Center Maryland: Cultivating higher expectations in Baltimore

Editor’s note: The following commentary appeared on on November 21.

By Donald C. Fry

Baltimore’s businesses and communities are “fighting a culture of low expectations,” says David Warnock, founder and chairman of the Warnock Foundation. “The fact of the matter is, Baltimore has got to believe in itself.”

Warnock, who is also a managing member of Camden Partners, a private equity firm, joined other Baltimore entrepreneurs Karl R. Gumtow, CEO of CyberPoint International, and Todd Marks, president and CEO of Mindgrub Technologies, as featured speakers at the Greater Baltimore Committee’s November 18 “Meet the Moguls” program on Innovation and Technology.

All delivered enthusiastic personal assessments of Baltimore as a terrific place to live and to grow a technology business, or any business for that matter. They unanimously and emphatically delivered one fundamental message: businesses that are here need to shout Baltimore’s story beyond our state’s border.

It’s critical to the Baltimore region’s businesses development that successful businesses, particularly small companies, collaborate and aggressively promote Baltimore City and the region as an ideal location for growing a business, they agreed.

Get Baltimore on a national stage in a positive way, Marks said. “Make noise from what’s happening here and bring business to Baltimore.” Marks cited major Baltimore assets that include a reasonable cost of living compared to New York and Philadelphia, world-class medical systems, “amazing” cyber resources, and a great entrepreneurial ecosystem. Marks said.

“The number one thing is we have to work together,” Gumtow said. “Baltimore is a city of neighborhoods and the neighborhoods don’t necessarily work together. Even entrepreneurs – we have entrepreneurs that are in Federal Hill, in Canton, and we all compete for the same resources, for the same concepts. We have to realize there is one fundamental thing and that is we all love Baltimore.”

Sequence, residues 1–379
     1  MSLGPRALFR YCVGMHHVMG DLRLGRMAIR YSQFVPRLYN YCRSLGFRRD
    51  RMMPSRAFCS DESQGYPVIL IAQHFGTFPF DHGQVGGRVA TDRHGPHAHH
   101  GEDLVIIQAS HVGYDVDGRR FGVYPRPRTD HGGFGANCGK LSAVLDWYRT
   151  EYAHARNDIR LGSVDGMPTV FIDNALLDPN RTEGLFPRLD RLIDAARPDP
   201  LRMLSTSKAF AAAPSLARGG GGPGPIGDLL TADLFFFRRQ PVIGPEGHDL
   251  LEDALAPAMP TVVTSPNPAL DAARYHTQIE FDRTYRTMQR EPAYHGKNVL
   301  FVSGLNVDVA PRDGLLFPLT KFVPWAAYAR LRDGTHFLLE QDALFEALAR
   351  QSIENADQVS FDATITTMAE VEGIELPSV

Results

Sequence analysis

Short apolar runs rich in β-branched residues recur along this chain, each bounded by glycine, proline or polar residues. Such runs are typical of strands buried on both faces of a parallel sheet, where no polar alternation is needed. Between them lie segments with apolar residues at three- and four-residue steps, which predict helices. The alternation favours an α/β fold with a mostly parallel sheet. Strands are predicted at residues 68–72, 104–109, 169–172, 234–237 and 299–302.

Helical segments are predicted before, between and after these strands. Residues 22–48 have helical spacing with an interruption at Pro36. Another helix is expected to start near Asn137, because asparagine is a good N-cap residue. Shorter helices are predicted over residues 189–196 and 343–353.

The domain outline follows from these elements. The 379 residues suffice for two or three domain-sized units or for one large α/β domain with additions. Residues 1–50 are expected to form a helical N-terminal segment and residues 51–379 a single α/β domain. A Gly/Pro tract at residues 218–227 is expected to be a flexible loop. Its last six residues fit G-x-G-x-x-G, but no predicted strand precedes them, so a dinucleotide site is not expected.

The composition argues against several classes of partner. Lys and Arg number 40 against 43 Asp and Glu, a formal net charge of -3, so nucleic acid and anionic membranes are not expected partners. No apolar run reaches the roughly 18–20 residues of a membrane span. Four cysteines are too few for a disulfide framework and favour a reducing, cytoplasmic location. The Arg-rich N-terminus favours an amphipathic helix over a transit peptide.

Gumtow stressed the importance of celebrating Baltimore’s innovators and innovations and its many business success stories, such as Under Armour and T. Rowe Price.

“We have to create this environment of cooperation versus competition and if we can do that and start to define and solve some of these problems, I think we’ll just blow them away,” Gumtow said. “I can give you lots of statistics about why Maryland is better, it is fertile ground, and there is a lot more here.”

Warnock deeply embraces that sentiment.

“We’ve got to work together and believe that this town is as good as it is,” Warnock said “We are a great place to live. The quicker we start believing in that and working together, it’s going to be good and I’m very optimistic about where we’re going to go.”

The entrepreneurs also discussed the use of technology in today’s classroom and the opportunities it affords students.

The “confluence of technology and the way kids learn today is changing the education environment, Warnock said.

The education establishment is “glacially moving” toward online and “blended” learning, Marks said. In a “blended” learning environment, the model for future teachers will be less the “sage on the stage” and more that of a mentor and learning facilitator.

“What’s coming fast and what we should aspire to is why shouldn’t every kid in a Baltimore City high school have access to Mandarin or access to advanced astronomy or access to science or remedial this or remedial that?,” said Warnock, who is also a founder and trustee of Green Street Academy, a charter school in Baltimore. “It’s all about giving regular kids access to great educational outcomes.”

Meanwhile, at the college level, one of the debates of the future will be over “what is the value of a four-year degree?,” Warnock said. “We’ve gotten to the point where these price points of a four-year degree are so high that kids come out of school with these stifling amounts of debt.”

The ratio between “what I have to borrow and what I earn is just way out of whack,” Warnock said. “It’s causing people to really reflect and to think hard or what is the value of a certification, as opposed to a four-year degree.

When it comes to that value proposition, “employers will do the talking” through their hiring actions, he added.

Gumtow said we can build a better Baltimore – and tomorrow’s workforce – by business leaders paying it forward.

“If you step out and help someone, a kid in high school or a young entrepreneur or a new endeavor, that will make a difference,” he said. “The number one thing is relationships. How do you get those relationships? It’s helping someone else.”

Business advocates need to draw on the wisdom of these three talented entrepreneurs.

We need to nurture higher expectations. While we are working diligently to strengthen our region’s and our state’s business competitiveness, we need to remind ourselves that we live and work in a remarkable place with character, talented people, an exceptional quality of life and abundant opportunity.

Then we need to tell the world … loudly and often.

Donald C. Fry is president and CEO of the Greater Baltimore Committee. He is a regular contributor to Center Maryland.

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